The list of medicinal mushrooms species is a lengthy one. Many of them haven't been used outside their native country, but our ability to cultivate many different mushroom species has improved greatly over the past few decades. As a result, large numbers of scientific studies on medicinal mushrooms have confirmed the traditional uses and also demonstrates new applications for health benefits. The most commonly studied of which include ganoderma lucidum (reishi), cordyceps sinensis, hericium erinaceus (lion's mane), grifola frondosa (maitake), pleurotus oestreatus (oyster) and coriolus versicolor (turkey tails).
Traditionally mushrooms are considered closer to plants, and in the same way that some plants produce flowers as a means of reproduction, fungi produce mushrooms. This means that they are rich in active compounds that support human and animal health. The most common group found in all mushroom species are polysaccharides, the most well-researched of which are beta glucan 1-3 and beta glucan 1-6. These immune supporting molecules have been shown to support the immune system's response to viral and bacterial infection as well as anti-tumour activity (which is partly why they have been included in Wild Nutrition's Immune Support formula).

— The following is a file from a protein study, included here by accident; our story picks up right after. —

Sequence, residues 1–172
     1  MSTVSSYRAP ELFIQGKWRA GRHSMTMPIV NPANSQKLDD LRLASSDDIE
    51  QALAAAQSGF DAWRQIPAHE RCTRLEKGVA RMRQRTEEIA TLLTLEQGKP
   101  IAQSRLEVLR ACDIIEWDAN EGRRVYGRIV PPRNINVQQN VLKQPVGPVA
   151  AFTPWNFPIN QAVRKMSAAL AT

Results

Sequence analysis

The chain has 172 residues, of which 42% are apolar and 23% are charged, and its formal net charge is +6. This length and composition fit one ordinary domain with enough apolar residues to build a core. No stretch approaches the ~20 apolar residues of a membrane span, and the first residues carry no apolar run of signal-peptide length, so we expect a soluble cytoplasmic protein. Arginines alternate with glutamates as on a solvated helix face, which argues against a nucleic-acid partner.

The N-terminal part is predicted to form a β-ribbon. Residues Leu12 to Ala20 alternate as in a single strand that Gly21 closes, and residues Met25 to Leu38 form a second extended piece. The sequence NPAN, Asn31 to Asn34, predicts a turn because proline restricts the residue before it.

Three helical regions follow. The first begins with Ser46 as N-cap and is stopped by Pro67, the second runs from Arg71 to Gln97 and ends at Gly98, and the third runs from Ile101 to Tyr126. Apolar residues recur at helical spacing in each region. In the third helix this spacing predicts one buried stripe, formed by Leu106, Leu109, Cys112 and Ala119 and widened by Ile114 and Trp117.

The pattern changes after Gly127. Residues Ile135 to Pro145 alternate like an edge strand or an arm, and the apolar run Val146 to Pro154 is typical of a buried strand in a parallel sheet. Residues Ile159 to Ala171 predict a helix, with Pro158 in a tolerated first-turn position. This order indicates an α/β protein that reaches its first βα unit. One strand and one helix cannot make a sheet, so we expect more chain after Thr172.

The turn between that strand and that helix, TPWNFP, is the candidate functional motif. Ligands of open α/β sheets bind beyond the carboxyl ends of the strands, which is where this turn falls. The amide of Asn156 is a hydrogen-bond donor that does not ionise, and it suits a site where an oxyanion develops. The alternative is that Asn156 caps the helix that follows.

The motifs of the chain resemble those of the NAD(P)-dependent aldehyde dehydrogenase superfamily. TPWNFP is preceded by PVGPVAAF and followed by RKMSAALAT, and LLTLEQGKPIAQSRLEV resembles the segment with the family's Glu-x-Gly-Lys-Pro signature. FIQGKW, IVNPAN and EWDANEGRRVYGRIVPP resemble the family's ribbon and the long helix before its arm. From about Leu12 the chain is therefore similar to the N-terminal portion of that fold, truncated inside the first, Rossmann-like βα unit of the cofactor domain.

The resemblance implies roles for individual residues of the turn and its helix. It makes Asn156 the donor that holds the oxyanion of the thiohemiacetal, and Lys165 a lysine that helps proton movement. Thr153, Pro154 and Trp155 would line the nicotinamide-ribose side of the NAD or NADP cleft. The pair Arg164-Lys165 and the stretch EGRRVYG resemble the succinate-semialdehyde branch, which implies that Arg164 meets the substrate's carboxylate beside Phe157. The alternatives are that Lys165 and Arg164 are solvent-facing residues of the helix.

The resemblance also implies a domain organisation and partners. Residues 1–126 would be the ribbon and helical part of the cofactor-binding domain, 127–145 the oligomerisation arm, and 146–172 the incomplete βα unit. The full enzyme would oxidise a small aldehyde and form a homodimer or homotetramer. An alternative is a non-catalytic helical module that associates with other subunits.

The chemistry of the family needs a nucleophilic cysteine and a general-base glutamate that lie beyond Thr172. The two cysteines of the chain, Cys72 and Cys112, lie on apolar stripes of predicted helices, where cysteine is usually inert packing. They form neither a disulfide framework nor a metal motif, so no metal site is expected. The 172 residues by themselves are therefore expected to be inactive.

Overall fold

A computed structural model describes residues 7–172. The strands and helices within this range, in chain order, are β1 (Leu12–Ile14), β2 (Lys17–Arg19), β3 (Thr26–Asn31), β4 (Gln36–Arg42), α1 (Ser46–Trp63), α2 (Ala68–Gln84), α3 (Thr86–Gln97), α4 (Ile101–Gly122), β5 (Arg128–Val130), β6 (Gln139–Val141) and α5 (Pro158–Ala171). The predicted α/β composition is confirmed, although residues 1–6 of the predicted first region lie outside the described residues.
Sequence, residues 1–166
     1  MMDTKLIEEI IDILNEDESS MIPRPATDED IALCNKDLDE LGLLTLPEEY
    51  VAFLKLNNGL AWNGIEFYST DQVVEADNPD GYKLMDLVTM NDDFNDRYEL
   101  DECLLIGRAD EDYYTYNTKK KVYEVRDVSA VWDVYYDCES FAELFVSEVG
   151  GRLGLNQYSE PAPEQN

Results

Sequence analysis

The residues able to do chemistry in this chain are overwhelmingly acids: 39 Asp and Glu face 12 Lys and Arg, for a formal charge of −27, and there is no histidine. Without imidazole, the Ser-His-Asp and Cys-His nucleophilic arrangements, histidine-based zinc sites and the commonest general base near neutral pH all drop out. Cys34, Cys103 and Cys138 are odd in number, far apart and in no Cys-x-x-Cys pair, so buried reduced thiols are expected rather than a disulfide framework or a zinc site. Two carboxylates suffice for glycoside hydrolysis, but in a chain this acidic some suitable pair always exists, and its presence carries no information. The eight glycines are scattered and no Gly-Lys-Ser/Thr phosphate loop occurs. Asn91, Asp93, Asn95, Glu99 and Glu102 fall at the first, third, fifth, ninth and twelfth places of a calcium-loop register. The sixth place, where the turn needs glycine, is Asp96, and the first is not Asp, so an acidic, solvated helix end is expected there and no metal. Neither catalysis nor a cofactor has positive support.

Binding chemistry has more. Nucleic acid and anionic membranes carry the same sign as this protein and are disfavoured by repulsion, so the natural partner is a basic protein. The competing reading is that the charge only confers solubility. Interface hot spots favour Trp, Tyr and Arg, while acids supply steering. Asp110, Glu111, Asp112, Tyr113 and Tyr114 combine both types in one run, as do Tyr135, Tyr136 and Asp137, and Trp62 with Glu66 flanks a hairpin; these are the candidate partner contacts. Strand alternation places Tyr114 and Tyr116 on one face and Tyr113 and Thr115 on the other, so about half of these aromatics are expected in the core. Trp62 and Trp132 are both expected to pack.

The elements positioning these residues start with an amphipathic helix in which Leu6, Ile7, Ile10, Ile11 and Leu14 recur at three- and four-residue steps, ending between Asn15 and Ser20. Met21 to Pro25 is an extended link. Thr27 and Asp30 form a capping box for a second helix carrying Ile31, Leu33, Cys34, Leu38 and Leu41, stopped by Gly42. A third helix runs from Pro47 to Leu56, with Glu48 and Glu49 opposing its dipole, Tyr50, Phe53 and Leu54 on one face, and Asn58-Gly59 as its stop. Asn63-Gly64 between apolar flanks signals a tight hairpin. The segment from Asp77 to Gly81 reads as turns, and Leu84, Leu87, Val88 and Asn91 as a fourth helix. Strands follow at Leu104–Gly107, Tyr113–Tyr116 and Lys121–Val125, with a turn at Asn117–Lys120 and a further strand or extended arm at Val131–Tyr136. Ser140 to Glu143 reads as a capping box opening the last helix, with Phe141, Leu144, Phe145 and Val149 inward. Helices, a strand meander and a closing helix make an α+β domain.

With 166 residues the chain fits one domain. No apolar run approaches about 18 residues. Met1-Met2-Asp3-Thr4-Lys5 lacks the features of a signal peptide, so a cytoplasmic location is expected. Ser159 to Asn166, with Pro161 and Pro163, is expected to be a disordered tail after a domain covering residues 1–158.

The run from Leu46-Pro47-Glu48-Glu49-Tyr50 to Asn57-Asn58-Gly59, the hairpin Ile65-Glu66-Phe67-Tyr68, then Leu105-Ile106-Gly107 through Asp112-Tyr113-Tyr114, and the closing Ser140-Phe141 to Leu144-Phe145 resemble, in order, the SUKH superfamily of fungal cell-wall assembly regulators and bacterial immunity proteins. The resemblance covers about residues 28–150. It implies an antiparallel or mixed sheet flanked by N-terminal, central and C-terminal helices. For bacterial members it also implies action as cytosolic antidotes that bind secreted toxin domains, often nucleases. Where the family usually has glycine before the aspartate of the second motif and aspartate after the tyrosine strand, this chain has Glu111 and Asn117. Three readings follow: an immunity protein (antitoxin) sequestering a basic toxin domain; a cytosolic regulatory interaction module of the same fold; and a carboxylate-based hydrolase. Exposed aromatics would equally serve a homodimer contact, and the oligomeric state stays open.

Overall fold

However, there are additional properties within mushrooms that are also the source of several major pharmaceutical drugs, including major antibiotics such as penicillin and statins such as lovastatin. Recent research also demonstrates their prebiotic effect on the gut microbiome, increasing the growth of bifidobaterium and lactobacillus and the necessary short-chain fatty acids for healthy food breakdown.
These multi-use mushrooms can be taken in supplement form (I often recommend them to men as part of a daily multi-nutrient regime) or can be built into your daily diet. Oyster and maitake mushrooms are readily available in most supermarkets now and can be added to your cooking to add rich flavour in soups or stews as an alternative protein source.